Going Home

By Anna Leigh Flynn

I wake to rain tapping on the roof, it is still dark and as the rain persists it gets so loud I feel like I am in a tin can drifting out to sea. I’m in bed under a down comforter and flannel sheets, surrounded by small windows and a lace curtain, in a ’75 Shasta camper where I have lived for the past four months.

I get up and put the needle down on my portable record player. I sit listening to quiet music and loud rain, surrounded by my books and cameras, my old jackets hanging on the wall, my shoes under the bed. I am surrounded by all of my treasures. Such luxury, I think. I light a candle and arrange my notebooks and scraps of paper into a pile next to the record player. Such fleeting luxury.

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I started traveling three years ago, although it feels like much longer. Time has a funny way of slowing down when you are always on the move. I’ve gone back and forth across the country many times, to the South Pacific, Mexico, and South America. But last spring I decided to go to a place where I hadn’t been for quite some time: home.

I am from a small town on the coast of Maine where the ocean is always cold. The seasons are harsh, winter lasts nearly six months, spring (what little exists of it) is fondly referred to as mud season, and summer is a dreamy haze of long humid days, fireflies and phosphorescence. It was May when I went back, before the leaves had come out and the grass was only starting to show signs of life. It had been a hard winter in the Northeast, and spring seemed reluctant to arrive.

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Coming home after traveling is still something of a mystery to me. I have heard that once one begins to travel they return home a different person, that they will never go all the way back. I knew I had changed, I knew that travel had taught me, if nothing else, to be adaptable, but I hadn’t realized just what that meant until I went home.

I bought a car almost the same age as myself, and moved into an old camper that a friend had parked at the end of a dirt road under a stand of poplar trees. I unpacked things I had often dreamt about when I was on the road, and some things I had forgotten about, and for the first time in a long time I slept in a bed that was mine, knowing I would sleep in it again the next night.

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On the summer solstice, a cool and foggy day, I swam in the ocean, and decided I would swim again the next day, and every day of the summer after that. Without realizing it, I began to explore my old home the way I would any new place. Travel had given me not only adaptability, but a new sense of curiosity, a longing to know the unknown landscapes. I went to as many islands as I could, eagerly awaiting the early morning ferry rides across the bay. I took any chance I could to swim in granite quarries and drove down long dirt roads.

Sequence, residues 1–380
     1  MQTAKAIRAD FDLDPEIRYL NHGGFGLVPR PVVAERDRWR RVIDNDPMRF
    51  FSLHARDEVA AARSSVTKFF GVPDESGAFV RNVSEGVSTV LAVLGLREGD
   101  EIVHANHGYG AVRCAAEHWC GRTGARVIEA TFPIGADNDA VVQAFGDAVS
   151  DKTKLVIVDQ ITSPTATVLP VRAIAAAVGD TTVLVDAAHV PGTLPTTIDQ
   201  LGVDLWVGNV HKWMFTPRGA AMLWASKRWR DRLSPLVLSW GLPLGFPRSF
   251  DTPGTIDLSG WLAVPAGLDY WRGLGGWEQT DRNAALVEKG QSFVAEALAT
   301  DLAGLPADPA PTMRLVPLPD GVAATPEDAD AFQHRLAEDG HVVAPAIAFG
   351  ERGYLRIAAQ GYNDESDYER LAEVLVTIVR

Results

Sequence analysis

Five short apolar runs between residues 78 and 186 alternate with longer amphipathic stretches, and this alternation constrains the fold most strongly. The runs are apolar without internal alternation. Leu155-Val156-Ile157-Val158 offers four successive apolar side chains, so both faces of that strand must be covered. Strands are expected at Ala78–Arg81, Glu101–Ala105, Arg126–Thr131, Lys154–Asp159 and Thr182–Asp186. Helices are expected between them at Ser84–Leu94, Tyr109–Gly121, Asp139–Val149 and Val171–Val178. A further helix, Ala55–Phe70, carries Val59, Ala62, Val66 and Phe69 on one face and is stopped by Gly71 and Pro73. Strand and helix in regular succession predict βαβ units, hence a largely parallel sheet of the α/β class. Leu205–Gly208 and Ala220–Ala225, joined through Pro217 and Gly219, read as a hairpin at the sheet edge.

And in this way, as if for the first time, I fell in love with Maine. I fell in love with the rocky coast, the smell of juniper and bay. In July I ate as many wild blueberries as I could, and blackberries in August. Every day I walked through the woods, and every day I swam. I fell asleep listening to bull frogs and night birds and woke to crows picking through the compost pile. I was a wild person in a wild place, letting myself feel just the way I wanted to feel and finally, I felt like I was home.

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Letting myself settle down, unpack and spread out, required letting go of many things I had learned on the road. I have been traveling because the idea of destination is unsettling to me, and I have found great comfort in knowing that when my bags are packed I can always leave and go somewhere new. But I have been tired of living in this way, I have been tired of the idea that I may be running from something. In my travels I have unexpectedly found myself idealizing my hometown, I have found myself looking for places that remind me of a certain time or a feeling — of a memory of myself.

I sat on a ferry heading out to my favorite island on one of the last hot days of summer, trying to take in the scene: glowing white granite emerging from the dark ocean, golden brown rock weed shimmering as the tide pushed in. The sweet and sad time when everything is ripe and everything is dying, and I didn’t hold my breath. I didn’t feel the familiar tightening in my chest, I didn’t hear the voice in my head telling me to pack a bag before it’s too late.

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And now summer is over. I turn the record over, the rain hasn’t stopped and I’m glad because it’s been too dry.

This year I will stay put for a while, the apples are ripe and soon the smell of wood smoke and rotting leaves will fill the crisp days of fall.

I am ready for a new kind of adventure, I’m ready to stay home.

Photos by Anna Leigh Flynn

Anna Leigh Flynn is a photographer, writer, and consistent contributor to She Explores. Find her on Instagram and learn more at annaleighflynn.com.